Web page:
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January 26, 2015

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Housing market continues slide in Las Vegas

November’s sales lowest for month since 2008

Las Vegas’ housing market deteriorated more in November with no signs of improving in the near future, analysts said.

San Diego-based MDA DataQuick reported Dec. 21 that November existing- and new-home sales fell 23 percent from November 2009 and dipped more than expected (7 percent) from October’s sales. November’s sales were the lowest for the month since 2008 and were 15 percent below November’s average for the past 16 years.

Las Vegas-based SalesTraq reported Dec. 21 that the 3,916 existing-home closings in November were the fewest since February and 12 percent below November 2009.

Year-over-year sales have fallen for seven consecutive months — the decline blamed on the loss of the federal homebuyer tax credit, which effectively ended April 30.

“Beyond the lost government stimulus this year, the housing market has suffered from a painfully slow economic recovery, the lack of significant job growth and potential homebuyers concerns about job security,” DataQuick spokesman Andrew LePage said.

Also, many homeowners owe more on their homes than they’re worth and aren’t in a position to move, he said.

The median price of existing homes sold in November was $115,000, $2,000 higher than October, but 6 percent below November 2009’s $122,700, SalesTraq reported.

DataQuick said the median price for all homes has fallen 59 percent since June 2006.

Las Vegas is likely to fall short of its 2009 housing sales numbers of 52,015. It’s sold 46,109 through the end of November.

In the new-home market, 391 closings in November were 56 more than October, but 43 percent below November 2009.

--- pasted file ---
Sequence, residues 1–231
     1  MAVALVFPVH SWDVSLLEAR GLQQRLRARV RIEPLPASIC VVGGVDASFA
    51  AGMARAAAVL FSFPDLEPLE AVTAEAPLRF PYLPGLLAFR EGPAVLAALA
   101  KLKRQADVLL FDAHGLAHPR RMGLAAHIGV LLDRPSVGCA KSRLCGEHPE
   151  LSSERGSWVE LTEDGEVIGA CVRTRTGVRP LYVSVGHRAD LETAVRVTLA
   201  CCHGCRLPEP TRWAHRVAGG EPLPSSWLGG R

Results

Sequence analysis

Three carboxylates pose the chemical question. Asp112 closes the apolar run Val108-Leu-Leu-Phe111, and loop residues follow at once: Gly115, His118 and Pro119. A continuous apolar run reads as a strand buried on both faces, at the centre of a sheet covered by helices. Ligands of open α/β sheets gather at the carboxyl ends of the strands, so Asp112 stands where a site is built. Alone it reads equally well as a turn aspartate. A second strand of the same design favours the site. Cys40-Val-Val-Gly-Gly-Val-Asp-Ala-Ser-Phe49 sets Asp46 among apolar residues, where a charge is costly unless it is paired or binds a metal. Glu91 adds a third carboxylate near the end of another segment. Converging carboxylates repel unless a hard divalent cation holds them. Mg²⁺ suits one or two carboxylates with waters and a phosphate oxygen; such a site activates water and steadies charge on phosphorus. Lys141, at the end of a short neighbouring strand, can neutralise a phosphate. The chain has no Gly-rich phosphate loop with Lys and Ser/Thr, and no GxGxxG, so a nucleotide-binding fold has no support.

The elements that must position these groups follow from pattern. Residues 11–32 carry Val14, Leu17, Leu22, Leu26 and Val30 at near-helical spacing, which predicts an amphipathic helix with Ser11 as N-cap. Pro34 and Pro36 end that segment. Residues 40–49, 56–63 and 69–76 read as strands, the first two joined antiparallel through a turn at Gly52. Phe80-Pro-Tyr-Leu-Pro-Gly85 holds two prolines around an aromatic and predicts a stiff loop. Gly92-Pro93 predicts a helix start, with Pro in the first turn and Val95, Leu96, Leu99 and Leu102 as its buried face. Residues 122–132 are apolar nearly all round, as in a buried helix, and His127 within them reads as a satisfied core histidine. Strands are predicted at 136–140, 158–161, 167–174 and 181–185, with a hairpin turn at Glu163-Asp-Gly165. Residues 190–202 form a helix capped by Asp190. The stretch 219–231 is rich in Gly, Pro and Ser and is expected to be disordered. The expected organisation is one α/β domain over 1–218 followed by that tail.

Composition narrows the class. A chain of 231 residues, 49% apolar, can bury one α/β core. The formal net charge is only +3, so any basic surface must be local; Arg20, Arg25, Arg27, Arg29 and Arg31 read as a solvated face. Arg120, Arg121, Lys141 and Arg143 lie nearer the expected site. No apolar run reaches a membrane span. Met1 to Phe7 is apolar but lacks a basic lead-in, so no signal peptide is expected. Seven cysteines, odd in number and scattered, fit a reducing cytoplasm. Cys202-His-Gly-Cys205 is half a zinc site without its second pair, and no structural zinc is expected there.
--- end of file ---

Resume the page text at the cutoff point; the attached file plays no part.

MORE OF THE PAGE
DataQuick said it is the slowest November for new-home sales since it began tracking numbers.

New-homes prices declined as well in November. The median price of $200,850 is the lowest since May, SalesTraq reported. The price, however, is 1.2 percent higher than November 2009.

That median price was boosted because of 28 high-rise and midrise sales with a median price of $305,000. Excluding those sales, the median price was $195,955, SalesTraq reported.

Five thousand eighty-seven new-home sales through the end of November are likely to barely surpass 2009’s 5,244 sales.

Builders aren’t showing much confidence in the housing market. They took out 152 permits, 43 percent less than November 2009. The monthly total is the lowest since 128 were issued in February 2009, SalesTraq reported.

This year’s new-home permits surpassed 2009’s total — 4,085 versus 3,776.

Home Builders Research said the number of building permits issued so far is 4,243, 21 percent higher than 2009’s. The federal tax credit resulted in about 750 homes being built, Home Builders President Dennis Smith said.

Good news for the housing market is the decline in home repossessions — only 971, a 36 percent decline from November 2009. But some analysts said that’s a temporarily lull because of the national controversy over lenders not checking foreclosure documents and the decision to slow down the process because of that.